More Fantasy Favorites
Labyrinth came out in 1986 and The Princess Bride came out in 1987, but I saw both of them around 1988. I wasn’t aware that Labyrinth even existed until I was reading up on George Lucas. After the movie Willow, I was eager see more of his work aside from Star Wars, of course. After I read about Labyrinth, I went to the video store downtown—Rack O Videos—and rented it. I’m not sure how I came upon The Princess Bride, but it has remained a favorite.
I immediately was taken with the teenage girl Sarah playing dress-up, as I loved playing dress-up and pretend at the time as well. For ages I wondered if there was an actual book called Labyrinth that she was reading from, but I found nothing. The words she spoke from her favorite book rang true for me. “Through dangers untold and hardships unnumbered, I have fought my way here to the castle beyond the Goblin City to take back the child that you have stolen. For my will is as strong as yours and my kingdom is as great…You have no power over me.”
I knew that the famous Greek Labyrinth might have been inspiration for the fantasy adventure. I never could find much information on what inspired the story. There was a reference to Brian Froud’s artwork is all. I liked that it was live action mixed with Muppets. It was an interesting change-up from the fantasy cartoons of the era. I liked Jennifer Conley and thought she was pretty. David Bowie as the Goblin King was cool. Perhaps it was un-cool of me, but I enjoyed telling people to go to the eternal bog of stench. I thought it was a creative way of saying go to hell. lol.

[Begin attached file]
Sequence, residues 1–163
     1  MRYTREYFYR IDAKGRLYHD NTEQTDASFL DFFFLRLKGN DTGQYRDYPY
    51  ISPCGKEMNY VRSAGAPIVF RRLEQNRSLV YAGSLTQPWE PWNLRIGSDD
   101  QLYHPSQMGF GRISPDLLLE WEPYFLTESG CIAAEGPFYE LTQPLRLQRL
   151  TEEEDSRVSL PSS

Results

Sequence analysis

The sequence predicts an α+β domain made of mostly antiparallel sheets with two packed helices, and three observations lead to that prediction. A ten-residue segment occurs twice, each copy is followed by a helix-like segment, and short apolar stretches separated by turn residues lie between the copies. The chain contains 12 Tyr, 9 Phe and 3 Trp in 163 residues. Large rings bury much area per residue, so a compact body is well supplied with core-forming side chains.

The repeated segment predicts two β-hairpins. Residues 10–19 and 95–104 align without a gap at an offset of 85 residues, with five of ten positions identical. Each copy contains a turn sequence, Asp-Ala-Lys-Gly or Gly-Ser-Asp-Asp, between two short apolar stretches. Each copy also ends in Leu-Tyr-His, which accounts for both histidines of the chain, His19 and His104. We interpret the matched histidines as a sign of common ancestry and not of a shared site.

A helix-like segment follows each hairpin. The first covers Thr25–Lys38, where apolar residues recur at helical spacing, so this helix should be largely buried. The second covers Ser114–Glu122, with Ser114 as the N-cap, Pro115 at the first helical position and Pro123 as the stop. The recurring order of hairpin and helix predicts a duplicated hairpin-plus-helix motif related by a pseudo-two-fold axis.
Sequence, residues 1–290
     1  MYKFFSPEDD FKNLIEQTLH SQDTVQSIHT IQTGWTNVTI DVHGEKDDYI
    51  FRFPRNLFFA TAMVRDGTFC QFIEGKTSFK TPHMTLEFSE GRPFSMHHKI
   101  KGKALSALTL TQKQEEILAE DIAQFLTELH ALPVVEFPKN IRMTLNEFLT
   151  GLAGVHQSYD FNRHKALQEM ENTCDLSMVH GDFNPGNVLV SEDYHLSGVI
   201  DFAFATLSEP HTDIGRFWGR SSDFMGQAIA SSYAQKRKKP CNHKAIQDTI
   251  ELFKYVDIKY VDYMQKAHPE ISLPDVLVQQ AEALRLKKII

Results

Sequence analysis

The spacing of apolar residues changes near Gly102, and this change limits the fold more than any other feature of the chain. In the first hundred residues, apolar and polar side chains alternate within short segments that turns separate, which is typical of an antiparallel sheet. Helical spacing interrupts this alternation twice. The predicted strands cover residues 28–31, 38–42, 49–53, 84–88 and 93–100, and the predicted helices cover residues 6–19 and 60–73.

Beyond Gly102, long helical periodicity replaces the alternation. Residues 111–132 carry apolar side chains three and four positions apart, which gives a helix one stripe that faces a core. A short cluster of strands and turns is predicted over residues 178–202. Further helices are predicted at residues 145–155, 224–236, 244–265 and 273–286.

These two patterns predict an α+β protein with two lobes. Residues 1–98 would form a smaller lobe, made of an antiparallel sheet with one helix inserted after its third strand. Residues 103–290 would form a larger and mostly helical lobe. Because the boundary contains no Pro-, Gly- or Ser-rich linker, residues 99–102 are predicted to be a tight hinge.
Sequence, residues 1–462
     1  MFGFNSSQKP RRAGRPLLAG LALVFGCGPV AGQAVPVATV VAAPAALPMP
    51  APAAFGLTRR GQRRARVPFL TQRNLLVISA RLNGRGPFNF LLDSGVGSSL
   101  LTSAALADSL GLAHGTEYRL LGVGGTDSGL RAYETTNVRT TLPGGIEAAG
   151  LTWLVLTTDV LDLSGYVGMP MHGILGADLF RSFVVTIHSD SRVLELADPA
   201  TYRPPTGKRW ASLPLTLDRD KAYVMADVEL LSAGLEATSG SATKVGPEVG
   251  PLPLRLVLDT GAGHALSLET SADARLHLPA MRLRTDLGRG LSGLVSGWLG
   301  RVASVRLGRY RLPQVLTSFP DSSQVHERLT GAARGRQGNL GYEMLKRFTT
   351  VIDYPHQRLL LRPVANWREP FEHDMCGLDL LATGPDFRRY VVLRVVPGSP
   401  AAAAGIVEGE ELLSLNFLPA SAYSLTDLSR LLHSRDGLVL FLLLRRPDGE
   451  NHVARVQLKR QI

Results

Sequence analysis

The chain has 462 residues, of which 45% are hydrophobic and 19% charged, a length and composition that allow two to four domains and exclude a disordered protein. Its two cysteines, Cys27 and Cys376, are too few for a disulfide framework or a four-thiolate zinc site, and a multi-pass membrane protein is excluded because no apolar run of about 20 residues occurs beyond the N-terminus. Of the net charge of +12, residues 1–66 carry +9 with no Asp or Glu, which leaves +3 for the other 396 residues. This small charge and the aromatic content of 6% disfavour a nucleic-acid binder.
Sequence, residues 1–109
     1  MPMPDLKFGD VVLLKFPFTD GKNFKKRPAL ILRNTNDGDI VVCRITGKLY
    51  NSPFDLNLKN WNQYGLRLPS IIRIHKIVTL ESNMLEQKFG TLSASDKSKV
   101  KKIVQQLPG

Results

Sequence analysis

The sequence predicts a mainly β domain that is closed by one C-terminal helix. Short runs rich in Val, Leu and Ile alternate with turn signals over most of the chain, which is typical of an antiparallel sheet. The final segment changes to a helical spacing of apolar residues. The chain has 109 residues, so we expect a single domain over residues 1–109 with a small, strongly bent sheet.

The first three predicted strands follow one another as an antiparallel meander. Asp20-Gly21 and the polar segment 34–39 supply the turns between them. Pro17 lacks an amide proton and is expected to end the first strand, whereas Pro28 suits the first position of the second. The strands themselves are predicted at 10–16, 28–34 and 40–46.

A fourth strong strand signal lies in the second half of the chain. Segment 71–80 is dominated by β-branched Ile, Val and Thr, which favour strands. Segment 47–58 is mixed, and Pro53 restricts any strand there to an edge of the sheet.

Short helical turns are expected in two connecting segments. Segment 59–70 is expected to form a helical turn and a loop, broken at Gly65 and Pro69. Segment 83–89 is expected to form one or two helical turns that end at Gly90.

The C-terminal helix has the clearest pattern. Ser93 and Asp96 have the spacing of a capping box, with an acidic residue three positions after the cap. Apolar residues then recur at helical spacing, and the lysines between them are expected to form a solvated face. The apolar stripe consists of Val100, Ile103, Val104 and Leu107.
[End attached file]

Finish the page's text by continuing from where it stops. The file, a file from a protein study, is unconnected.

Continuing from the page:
The Princess Bride was funny. The Wonder Years was huge back in 1988 and I thought it was cool to see Fred Savage in something besides his new TV show. Princess Buttercup was beautiful and I loved her long hair and wonderful white gown. I liked to imagine I was traveling with the dashing Dread Pirate Roberts into the Fire Swamp, where I met Rodents of Unusual Size. It was also incredibly fun to repeat, “Hello, my name is Inigo Montoya. You killed my father. Prepare to die!” I would re-enact the sword fighting scene at the top of the cliff with friends. Throwing the word “Inconceivable,” into conversations every now and again was also known to happen.
I did read The Princess Bride book by William Goldman. It was published in 1973, but I didn’t read it until something like 1990. It was laugh out loud funny just like the movie. I was surprised to find out the William Goldman has had a long career in Hollywood. He won awards for his work on Butch Cassidy and the Sundance Kid as well as All the President’s Men. Not to mention all the unaccredited writing he’s done on movies such as Good Will Hunting, Indecent Proposal, Last Action Hero and A Few Good Men. He’s even done work on several Stephen King movies including; Dolores Claiborne, Dreamcatcher and Hearts in Atlantis.